'We are not concerned about your patents at all' - Jobs
Plus: 'Not only is this a pain, it's actually losing me wages'
This was the week when an ex-Microsoftie said that Steve Ballmer was not the man who could lead the company back to its former rival-crushing glory.
Joachim Kempin also claimed that Ballmer held on tight to his seat at the top by tossing out anyone in management who looked like they might replace him:
When you work that directly with Ballmer and Ballmer believes 'maybe this guy could someday take over from me', my God, you will have less air to breathe, that's what it comes down to.
Kempin, who has written a tell-all book about his time at the company, also made it clear that while Ballmer was an OK guy and all that, he wasn't really cut out for chiefhood:
Is he a great CEO? I don't think so. Microsoft's board is a lame duck board, has been forever. They hire people to help them administer the company, but not to lead the company. That's the problem.
They need somebody maybe 35 to 40 years old, a younger person who understands the Facebook Inc generation and this mobile community. They don't need this guy on stage with this fierce, aggressive look, announcing the next version of Windows and thinking he can score with that.
This was also the week when Sky admitted that its broadband service was running reeeeeeealllllly slowly because it had greedily signed up far more Brits than its network could handle.
Subscribers in Doncaster, North Wales and Bristol have been complaining that the once competent service is now seriously letting them down. One user said:
I have had around nine months of continuous good service. Since the end of November I have had this dramatic speed loss during peak periods. This can drop from the usual 13-14Mbps download to as low as 2Mbps.
While another customer in Doncaster was pretty p***ed off:
Internet is completely unusable, so this is the THIRD night in a row that I am unable to fulfil my contractually obligated working from home via the internet, so a third night's overtime lost. Not only is this a pain, it's actually losing me wages.
Sky claimed that the problems were only affecting some parts of the network and then in typical business-speak, admitted it was its own fault:
Following a combination of an underlining increase in network traffic as well as an especially high rate of new customer additions, we are aware of capacity issues in a limited number of exchanges.
In the US, a spokeswoman for the attorney's office responsible for the aggressive prosecution of Aaron Swartz has said that his suicide won't change the way suspects accused of computer fraud are handled. The office said:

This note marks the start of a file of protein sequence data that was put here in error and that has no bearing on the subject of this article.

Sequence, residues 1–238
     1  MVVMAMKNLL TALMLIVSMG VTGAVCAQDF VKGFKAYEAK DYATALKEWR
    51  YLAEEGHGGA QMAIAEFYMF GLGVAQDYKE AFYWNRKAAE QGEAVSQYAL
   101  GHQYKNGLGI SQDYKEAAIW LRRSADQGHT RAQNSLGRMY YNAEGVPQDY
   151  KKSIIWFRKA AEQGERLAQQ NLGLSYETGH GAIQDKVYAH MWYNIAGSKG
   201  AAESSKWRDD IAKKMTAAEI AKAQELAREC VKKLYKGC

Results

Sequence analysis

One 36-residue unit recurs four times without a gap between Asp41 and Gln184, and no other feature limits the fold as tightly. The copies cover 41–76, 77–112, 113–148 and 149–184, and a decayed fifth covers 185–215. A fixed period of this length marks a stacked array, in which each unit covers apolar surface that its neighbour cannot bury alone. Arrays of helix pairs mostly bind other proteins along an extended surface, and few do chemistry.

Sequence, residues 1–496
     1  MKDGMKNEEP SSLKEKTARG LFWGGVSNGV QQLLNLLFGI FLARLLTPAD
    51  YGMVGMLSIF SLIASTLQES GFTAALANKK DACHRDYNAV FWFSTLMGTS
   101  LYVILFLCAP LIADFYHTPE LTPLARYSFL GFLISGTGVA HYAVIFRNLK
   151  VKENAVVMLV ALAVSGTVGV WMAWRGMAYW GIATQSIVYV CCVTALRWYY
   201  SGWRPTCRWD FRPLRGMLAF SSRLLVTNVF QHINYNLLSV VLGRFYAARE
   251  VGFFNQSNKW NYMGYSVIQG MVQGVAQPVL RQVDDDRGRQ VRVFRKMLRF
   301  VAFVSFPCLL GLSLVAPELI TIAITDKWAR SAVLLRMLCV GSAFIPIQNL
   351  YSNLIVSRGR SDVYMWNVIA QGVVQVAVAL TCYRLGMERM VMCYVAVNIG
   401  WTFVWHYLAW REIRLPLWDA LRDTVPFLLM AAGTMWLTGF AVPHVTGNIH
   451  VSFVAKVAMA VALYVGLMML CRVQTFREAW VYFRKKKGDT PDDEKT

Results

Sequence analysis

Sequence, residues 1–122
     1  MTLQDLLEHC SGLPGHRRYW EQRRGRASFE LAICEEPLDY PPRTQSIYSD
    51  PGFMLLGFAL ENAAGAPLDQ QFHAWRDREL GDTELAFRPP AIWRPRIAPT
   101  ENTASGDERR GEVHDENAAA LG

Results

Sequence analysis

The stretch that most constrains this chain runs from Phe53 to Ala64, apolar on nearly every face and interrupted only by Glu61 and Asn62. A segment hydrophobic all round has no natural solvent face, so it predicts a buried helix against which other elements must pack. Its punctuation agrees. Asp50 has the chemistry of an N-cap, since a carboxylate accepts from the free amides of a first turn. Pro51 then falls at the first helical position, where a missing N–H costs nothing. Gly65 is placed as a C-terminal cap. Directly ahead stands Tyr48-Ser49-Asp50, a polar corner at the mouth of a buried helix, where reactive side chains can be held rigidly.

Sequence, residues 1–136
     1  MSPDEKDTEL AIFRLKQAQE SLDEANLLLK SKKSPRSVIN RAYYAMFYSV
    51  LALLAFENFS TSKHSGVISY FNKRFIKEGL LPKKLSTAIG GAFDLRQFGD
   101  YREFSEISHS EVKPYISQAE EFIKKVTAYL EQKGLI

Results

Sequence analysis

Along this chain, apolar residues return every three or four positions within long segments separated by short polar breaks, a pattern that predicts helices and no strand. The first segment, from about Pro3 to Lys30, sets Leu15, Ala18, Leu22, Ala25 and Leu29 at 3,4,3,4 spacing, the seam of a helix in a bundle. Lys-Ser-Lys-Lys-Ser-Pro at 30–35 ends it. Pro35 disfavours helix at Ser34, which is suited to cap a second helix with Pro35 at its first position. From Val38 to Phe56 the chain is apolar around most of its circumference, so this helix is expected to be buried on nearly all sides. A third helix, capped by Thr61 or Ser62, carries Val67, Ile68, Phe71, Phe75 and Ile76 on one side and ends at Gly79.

Absolutely not. We thought the case was reasonably handled and we would not have done things differently. We're going to continue doing the work of the office and of following our mission.
In a court case over alleged "no-poaching deals" between tech companies in the States, a filing revealed an email exchange in which Steve Jobs appeared to be threatening Palm with a patent slapdown for nicking Apple's workers.
In a sworn statement, former Palm CEO Ed Colligan alleged that he had refused to bow to Jobs' pressure, saying the deal would be "wrong, if not illegal":
Steve, we don't want to hurt Apple. As I said on the phone, Palm is focused on building the best team in the industry, and we know there is a lot of quality talent outside of Apple.
On the other hand, this is a small space, and it's inevitable that we will bump into each other. Threatening Palm with a patent lawsuit in response to a decision by one employee to leave Apple is just out of line.
If you choose the litigation route, we can respond with our own claims… but I don't think litigation is the answer. We will both just end up paying a lot of lawyers a lot of money.
But Jobs continued to push, saying in another email:
Just for the record, when Siemens sold their handset business to BenQ they didn't sell them their essential patents but rather just gave them a license. The patents they did sell to BenQ are not that great. We looked at them ourselves when they were for sale.
I guess you guys felt differently and bought them. We are not concerned about them at all. My advice is to take a look at our patent portfolio before you make a final decision here.
And finally, the original Batmobile from the '60s TV series starring Adam West-starring series has been sold for the first time at auction. The gadget-laden car, built up from a 1955 Lincoln Futura concept car by Ford Motor Company, fetched $4.2m from a fan of arguably the campest version of the Caped Crusader.
The awesomely named Rick Champagne said on winning the motor:
I really liked Batman growing up and I came here with the intention of buying the car. Sure enough, I was able to buy it. That was a dream come true.
Somewhat unbelievably, the clear plastic bubble canopy was actually a part of the original Futura, although the smoke emitter, nail-dispensing mechanism and the twin parachutes were added by customiser George Barris. ®
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